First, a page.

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Afrikaner Sondebok; Final Part ![image.png](https://files.peakd.com/file/peakd-hive/pieternijmeijer/23wMap4BnC9bYqGFCrzDvCeqzQMTw97pmhsscwnuUDVxmTcusXzGEvxBCwi6sDiEKmDwN.png) Good day Hivers and Book Clubbers, This the the third and final part of my review of 'Afrikaner Sondebok?' by Albert Blake, which is a biography of Hans van Rensburg, an important man in Afrikaner history. **Impact of WW2** We left the story in the previous part at the moment where Van Rensburg became leader of the Ossewabrandwag, an Afrikaner cultural organization, in january of 1941. For this, he gave up his position as administrator of the Free State to give it all his time and energy. The book notes he did not do it for the money, because the pay was far worse than in his original position, and he often lived in near-poverty in the late 40s and 50s. Under his leadership, there was a clear shift in the style of the entire OB. It went from cultural to political, and from civilian to para-militaristic. These changes can clearly be traced to Van Rensburg; his pro-republican and anti-British stances, combined with his personal sympathy for national socialism, steered the organization towards an explicit pro-republicanism. It was the main end-goal of the OB: a republic of South-Africa, free from the British, and from party-politics. Van Rensburg's fascination with the military was due to him being part of it. As mentioned in part one, he joined the commando near his home-town at age 16. He also was an avid hunter, and was slowly climbing the ranks of the South African army as well, albeit in more of a reserve-capacity. The militarism in the OB became clear in its parades and marches, which clearly took inspiration from Italy and Germany. It was also apparent in Van Rensburg's title as leader; 'Commandant General', and the main leaders also being called Generals. The fate of the OB as an organization quickly became tied to that of Germany in the Second World War. When it looked like Germany was doing well, mainly in 1940 and 1941, the popularity of the OB rose to heights before unknown in South Africa; it is estimated that about 300.000 people were members at the time. You can imagine that these numbers for a national socialist organization caught the attention of basically everyone in the country. Smuts' United Party government kept a close eye on all main leaders of the OB, Van Rensburg chiefly among them. Some advised Smuts to imprison Van Rensburg, but Smuts never did during the entire war. Also, the OB was clearly a threat , in terms of popularity and allegiance, to other nationalist groups, more specifically the National Party. There were many disputes between the NP and OB; about whether and how the latter should tackle party politics. At some points van Rensburg wanted to enter party politics, despite his lack of belief in the system. This was thorougly opposed by the NP, who feared splitting the Afrikaner electorate, thus letting Smuts' UP win in perpetuity. Also, the NP's leader, D.F. Malan, and Van Rensburg did not get along very well on a personal level, which hindered cooperation, obviously. **Sabotage and Treason** South Africa was heavily divided on whether it should enter World War 2. Smuts' United party was split too. Smuts and the English South Africans were all for helping out the United Kingdom and joining. Hertzog, the Boer general who had joined the UP in 1933, was against it, along with a significant part of the Afrikaner wing of the party. The National Party was clearly opposed, seeing it as a conflict Afrikaners had no stake in at all. Afrikaner resistance to WW1 caused the 1914-Rebellion. For WW2, no such active revolt occurred, though political resistance was more severe. The OB, clearly sympathising with the German cause, and against that of the British Empire, took to other forms of resistance. Sabotage became very common in South Africa; telephone lines were cut, power stations destroyed and bridges/railways were blown up. Van Rensburg led the people who did this, the Stormjaers (Storm troopers), and knew about and had a final say on all their activities. There was one rule, however: no Afrikaner lives should be lost because of the sabotage-actions. A principle that prevented an active revolt, at the very least. Another important factor in the OB's resistance was the contact that was established early on between Van Rensburg and the Germans. Through Lourenzo Marques (Mozambique, then held by neutral Portugal) Van Rensburg sent intel to the Germans on several things; South African troop movements, Allied ships docked in South Africa, etc. The Germans, in turn, sent several plans to Van Rensburg for the OB to stage a coup in South Africa, and for van Rensburg to rule it as a type of client-state for Germany. Deemed far too risky and reckless by Van Rensburg, he declined all offers to do so. **Later Life** As the war went on, the Germans were clearly starting to lose from 1943 onwards (some would argue earlier, but lets stick with this). The OB's fate was bound with Germany's chances, it seemed, because it entered a steep decline at the same time as German chances in the war faded. After the war ended with the loss of Germany, the OB's national socialist tendencies faded fast. It had another big issue; many inside the South African government were looking to try Van Rensburg in court for treason. The evidence compiled against him was mounting, and he would probably be judged guilty if a trial was called. But this did not happen; Smuts was never willing to pull that trigger. This, once again, had clear political reason. He was not looking to make martyrs out of Afrikaner nationalists while nationalism was on the rise among Afrikaners. Also, Van Rensburg himself was not nearly as influential as he had been several years prior; the problem had, in a way, sorted itself out. Smuts' UP government would not be able to stem the tide of Afrikaner nationalism; in 1948, the National Party won a victory against the UP, meaning Smuts' exit out of politics, and a realization of some of Van Rensburgs' ideals. For one, the new cabinet was all-Afrikaner and Afrikaans-speaking; a first in South-African history. It also put South-Africa on the path of becoming a republic, which happened in 1961. Van Rensburg would die of a heart attack in 1966, at age 68. The book relays several other aspects of his life that I left out of this review; his marriage, his passion for fishing and hunting, and several details that can be talked about in a 300-page book, that won't make it into a review. I hope I've convinced/interested you in picking up this book; it's also available in English on sites like Amazon, so it shouldn't be an issue. I'll see you al in a next review on another book. Until the next one, ***-Pieter Nijmeijer*** hivebookclub @pieternijmeijer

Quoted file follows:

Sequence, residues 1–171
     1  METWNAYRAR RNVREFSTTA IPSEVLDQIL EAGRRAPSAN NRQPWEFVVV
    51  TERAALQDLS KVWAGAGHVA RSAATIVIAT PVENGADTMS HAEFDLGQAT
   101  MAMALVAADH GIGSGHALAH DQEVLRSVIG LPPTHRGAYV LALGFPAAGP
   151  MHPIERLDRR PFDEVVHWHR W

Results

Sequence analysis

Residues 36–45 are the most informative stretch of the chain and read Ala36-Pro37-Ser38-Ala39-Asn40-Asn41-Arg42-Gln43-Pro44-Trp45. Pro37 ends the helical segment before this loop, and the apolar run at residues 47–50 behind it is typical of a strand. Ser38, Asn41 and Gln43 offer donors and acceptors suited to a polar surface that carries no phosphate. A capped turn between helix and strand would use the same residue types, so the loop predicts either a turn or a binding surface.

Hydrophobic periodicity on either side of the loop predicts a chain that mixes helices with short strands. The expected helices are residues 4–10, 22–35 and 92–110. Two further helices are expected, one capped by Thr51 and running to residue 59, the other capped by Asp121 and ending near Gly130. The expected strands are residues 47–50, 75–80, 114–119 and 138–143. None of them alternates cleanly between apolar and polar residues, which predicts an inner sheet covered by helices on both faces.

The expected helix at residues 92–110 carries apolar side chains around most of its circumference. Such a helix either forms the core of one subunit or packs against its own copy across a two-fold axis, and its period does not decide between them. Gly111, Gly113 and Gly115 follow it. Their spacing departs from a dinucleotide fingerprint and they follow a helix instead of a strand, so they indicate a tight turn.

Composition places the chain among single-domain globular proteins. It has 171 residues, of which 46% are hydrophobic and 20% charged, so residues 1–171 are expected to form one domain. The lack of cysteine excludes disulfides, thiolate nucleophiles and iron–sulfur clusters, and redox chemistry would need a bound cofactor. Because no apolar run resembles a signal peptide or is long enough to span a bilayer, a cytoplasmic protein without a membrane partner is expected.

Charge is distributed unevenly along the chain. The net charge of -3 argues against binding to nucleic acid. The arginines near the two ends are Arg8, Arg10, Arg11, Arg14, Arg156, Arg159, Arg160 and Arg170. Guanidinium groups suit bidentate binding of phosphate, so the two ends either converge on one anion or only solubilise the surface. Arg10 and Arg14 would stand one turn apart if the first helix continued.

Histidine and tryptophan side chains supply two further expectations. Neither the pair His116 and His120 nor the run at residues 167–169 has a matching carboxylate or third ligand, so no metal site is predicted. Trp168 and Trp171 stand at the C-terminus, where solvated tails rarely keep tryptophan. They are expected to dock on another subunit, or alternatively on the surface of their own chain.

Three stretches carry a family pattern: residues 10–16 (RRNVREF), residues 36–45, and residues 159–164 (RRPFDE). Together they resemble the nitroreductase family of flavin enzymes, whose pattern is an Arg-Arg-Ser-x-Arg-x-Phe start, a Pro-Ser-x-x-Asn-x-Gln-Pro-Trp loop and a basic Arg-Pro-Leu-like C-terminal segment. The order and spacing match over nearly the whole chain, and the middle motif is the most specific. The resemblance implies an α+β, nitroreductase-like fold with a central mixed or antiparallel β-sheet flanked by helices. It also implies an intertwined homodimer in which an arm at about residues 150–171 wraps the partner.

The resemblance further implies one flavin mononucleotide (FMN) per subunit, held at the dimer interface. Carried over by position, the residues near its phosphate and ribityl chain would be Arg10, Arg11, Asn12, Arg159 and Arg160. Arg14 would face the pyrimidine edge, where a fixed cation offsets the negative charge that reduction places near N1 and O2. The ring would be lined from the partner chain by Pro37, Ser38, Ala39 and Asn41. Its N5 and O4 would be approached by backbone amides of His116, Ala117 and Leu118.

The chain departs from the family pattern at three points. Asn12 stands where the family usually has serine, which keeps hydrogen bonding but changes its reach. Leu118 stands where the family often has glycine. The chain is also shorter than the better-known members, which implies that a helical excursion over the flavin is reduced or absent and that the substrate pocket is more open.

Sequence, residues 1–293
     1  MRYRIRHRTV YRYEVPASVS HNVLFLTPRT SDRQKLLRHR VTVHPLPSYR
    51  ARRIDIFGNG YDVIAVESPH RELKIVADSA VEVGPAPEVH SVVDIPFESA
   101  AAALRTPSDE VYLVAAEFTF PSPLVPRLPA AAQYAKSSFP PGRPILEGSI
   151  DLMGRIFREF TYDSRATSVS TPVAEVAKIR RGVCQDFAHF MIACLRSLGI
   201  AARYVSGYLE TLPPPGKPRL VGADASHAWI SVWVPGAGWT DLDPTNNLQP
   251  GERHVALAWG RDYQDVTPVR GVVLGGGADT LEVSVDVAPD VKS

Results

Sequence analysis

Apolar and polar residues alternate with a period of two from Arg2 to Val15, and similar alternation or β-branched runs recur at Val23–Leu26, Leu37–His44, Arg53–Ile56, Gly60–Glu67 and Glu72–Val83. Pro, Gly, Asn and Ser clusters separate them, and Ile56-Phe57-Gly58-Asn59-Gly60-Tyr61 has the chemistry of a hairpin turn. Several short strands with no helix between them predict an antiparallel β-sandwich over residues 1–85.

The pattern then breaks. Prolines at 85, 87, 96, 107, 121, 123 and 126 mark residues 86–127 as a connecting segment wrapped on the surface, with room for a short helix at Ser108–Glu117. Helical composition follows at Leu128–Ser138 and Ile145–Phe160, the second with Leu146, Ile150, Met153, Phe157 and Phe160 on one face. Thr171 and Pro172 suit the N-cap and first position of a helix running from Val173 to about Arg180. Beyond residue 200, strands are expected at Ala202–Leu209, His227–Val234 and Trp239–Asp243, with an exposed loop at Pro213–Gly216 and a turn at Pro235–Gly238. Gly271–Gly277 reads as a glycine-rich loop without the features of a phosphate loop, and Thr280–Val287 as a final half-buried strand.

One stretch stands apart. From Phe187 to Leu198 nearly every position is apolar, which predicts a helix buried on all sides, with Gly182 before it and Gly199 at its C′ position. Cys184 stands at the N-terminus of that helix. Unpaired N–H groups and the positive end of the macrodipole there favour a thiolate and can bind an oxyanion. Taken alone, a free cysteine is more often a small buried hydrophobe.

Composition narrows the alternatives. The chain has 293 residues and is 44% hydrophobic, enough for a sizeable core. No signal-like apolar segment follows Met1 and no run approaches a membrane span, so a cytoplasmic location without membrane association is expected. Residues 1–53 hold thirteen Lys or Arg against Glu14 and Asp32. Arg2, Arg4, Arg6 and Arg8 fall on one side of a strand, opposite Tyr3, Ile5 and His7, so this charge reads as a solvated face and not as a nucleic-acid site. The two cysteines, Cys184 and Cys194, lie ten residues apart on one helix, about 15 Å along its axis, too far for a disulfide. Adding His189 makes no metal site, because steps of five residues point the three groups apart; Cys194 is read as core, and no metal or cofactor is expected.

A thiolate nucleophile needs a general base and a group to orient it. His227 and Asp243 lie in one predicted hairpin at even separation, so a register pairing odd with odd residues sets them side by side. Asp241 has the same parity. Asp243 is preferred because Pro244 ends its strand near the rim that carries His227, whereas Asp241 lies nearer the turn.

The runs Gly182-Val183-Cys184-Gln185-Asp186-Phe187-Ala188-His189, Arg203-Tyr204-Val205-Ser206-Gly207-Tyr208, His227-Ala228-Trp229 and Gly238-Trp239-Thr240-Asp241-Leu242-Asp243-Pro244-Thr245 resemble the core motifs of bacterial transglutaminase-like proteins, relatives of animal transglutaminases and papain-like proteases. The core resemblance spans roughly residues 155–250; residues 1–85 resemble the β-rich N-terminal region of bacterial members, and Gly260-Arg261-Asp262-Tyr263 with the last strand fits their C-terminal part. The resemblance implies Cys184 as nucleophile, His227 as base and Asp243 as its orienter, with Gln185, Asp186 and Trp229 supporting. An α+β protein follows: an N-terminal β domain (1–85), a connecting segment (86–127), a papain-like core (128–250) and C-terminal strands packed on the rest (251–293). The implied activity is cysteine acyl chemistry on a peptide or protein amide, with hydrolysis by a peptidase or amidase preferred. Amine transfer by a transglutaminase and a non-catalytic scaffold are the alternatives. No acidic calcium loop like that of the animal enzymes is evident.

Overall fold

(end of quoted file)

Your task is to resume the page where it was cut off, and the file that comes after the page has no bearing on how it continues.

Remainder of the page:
Hi, thanks for the highlight, much appreciated. book @pieternijmeijer